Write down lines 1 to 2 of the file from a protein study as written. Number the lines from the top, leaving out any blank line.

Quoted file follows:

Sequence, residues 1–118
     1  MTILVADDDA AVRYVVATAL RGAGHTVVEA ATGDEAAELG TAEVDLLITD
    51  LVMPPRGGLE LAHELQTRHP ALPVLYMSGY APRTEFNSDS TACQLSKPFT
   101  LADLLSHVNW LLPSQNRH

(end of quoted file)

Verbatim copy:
Sequence, residues 1–118
     1  MTILVADDDA AVRYVVATAL RGAGHTVVEA ATGDEAAELG TAEVDLLITD